The Whitney: A Photo Journal

Visiting the Whitney Plantation was enlightening and overwhelming. Never before had I learned about the brilliance of enslaved peoples but our tour guide at the Whitney pointed out how enslaved peoples were cherry-picked from Africa for their knowledge about specific trades and cultivating certain crops. The Whitney Plantation Museum works tirelessly and intentionally to tell the truth of the brutuality of slavery and what went on at this plantation. Below, through photographs I took, I want to highlight aspects of the tour that stuck out the most to me.

 A condensed history of slavery relating to the Whitney Plantation

A condensed history of slavery relating to the Whitney Plantation

 The names of children born on the plantation into slavery

The names of children born on the plantation into slavery

 The “Jamaica Train”, a series of open kettles in which sugar cane juice was heated

The “Jamaica Train”, a series of open kettles in which sugar cane juice was heated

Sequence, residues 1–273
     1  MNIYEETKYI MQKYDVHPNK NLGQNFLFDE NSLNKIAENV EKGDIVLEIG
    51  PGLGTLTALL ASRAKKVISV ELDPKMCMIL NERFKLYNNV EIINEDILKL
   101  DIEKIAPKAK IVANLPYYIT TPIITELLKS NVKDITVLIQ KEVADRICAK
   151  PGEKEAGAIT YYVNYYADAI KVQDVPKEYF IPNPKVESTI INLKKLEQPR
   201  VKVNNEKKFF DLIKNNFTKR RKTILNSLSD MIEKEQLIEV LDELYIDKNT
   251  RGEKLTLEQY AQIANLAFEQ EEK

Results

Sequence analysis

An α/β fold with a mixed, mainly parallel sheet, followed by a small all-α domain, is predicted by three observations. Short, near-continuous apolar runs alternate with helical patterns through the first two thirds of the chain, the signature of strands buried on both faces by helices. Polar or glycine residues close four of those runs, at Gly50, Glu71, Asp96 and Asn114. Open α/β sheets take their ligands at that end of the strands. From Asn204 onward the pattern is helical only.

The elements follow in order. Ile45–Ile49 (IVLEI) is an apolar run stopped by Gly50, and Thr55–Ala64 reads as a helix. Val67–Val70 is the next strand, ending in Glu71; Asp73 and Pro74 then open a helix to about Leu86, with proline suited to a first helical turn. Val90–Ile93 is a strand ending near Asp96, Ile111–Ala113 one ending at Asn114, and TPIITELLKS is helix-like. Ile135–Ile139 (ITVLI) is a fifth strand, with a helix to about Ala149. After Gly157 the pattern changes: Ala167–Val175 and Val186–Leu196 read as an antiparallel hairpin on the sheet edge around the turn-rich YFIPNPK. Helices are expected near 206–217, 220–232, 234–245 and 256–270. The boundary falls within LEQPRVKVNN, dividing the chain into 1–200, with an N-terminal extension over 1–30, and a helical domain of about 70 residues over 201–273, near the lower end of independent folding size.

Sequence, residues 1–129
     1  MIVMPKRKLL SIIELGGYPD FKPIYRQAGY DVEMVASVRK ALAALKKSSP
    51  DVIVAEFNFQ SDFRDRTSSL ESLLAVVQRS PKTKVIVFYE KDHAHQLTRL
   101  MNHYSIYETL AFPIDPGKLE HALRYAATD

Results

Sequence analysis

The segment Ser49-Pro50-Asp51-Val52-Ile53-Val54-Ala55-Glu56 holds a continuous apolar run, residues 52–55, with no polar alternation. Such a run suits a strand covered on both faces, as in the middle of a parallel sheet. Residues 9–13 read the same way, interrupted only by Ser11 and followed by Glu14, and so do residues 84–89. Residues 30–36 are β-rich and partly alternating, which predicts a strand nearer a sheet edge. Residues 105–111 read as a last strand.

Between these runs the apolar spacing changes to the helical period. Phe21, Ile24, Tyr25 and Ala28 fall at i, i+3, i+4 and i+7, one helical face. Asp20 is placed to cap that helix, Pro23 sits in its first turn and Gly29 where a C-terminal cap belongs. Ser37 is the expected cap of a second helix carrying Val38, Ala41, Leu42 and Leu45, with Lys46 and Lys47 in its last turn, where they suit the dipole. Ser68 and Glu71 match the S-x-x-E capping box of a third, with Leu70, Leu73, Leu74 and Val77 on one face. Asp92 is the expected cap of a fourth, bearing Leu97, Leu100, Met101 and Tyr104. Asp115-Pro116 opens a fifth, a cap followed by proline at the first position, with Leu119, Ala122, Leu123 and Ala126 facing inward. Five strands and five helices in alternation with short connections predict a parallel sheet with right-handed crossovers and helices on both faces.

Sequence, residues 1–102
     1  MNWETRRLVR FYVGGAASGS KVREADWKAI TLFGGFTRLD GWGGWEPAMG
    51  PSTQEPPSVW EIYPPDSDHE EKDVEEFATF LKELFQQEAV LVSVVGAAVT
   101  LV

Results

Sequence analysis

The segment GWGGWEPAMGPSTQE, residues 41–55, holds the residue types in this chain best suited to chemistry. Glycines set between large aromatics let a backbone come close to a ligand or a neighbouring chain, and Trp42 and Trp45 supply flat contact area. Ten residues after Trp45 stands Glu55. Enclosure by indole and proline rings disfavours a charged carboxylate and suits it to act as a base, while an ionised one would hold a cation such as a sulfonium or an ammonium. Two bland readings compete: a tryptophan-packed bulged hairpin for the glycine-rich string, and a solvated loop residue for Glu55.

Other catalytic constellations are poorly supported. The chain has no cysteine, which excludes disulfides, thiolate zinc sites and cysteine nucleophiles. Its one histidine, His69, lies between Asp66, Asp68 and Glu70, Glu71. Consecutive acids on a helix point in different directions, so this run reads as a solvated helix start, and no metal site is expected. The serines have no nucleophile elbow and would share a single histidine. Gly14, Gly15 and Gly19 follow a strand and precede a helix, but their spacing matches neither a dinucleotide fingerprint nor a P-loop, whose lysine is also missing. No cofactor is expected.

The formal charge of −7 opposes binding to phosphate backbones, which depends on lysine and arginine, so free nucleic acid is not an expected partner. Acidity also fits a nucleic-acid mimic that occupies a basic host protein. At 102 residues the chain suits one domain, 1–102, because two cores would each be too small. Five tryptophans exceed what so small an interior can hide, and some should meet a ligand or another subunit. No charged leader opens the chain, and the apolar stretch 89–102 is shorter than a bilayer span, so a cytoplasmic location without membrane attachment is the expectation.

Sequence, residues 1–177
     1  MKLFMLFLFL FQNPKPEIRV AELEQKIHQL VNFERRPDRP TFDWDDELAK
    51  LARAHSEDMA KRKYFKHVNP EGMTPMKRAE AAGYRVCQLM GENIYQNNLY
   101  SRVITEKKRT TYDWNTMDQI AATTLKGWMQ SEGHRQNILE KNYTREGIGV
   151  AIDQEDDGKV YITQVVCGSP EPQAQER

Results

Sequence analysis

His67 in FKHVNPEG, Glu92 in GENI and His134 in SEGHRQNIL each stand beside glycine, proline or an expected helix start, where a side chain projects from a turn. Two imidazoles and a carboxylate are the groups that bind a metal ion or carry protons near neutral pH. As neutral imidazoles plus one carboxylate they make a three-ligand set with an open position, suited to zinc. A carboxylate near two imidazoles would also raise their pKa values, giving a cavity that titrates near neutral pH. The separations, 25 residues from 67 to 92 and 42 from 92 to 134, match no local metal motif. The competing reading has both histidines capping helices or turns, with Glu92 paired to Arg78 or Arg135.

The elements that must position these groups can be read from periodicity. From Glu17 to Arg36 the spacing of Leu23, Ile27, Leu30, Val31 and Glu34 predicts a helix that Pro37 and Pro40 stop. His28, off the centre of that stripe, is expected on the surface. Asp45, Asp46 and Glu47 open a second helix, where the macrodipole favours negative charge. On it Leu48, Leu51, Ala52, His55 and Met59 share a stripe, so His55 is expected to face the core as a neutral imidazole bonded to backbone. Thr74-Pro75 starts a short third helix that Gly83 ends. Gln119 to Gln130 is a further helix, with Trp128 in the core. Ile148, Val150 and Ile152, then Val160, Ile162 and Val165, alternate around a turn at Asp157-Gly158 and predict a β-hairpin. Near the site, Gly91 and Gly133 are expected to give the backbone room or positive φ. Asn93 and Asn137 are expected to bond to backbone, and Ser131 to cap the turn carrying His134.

Slave cabins

Slave cabins

 Inside the quarters of enslaved peoples

Inside the quarters of enslaved peoples

 The bars of a cage that enslaved peoples were held in during the auction process

The bars of a cage that enslaved peoples were held in during the auction process

 Bricks on the floor of the Haydel home laid by slaves

Bricks on the floor of the Haydel home laid by slaves

 Memorials of enslaved peoples—the only thing that is memorializing their deaths

Memorials of enslaved peoples—the only thing that is memorializing their deaths

 The Field of Angels—a memorial for the enslaved children in Louisiana who died before their 3rd birthday—with our tour guide in the background

The Field of Angels—a memorial for the enslaved children in Louisiana who died before their 3rd birthday—with our tour guide in the background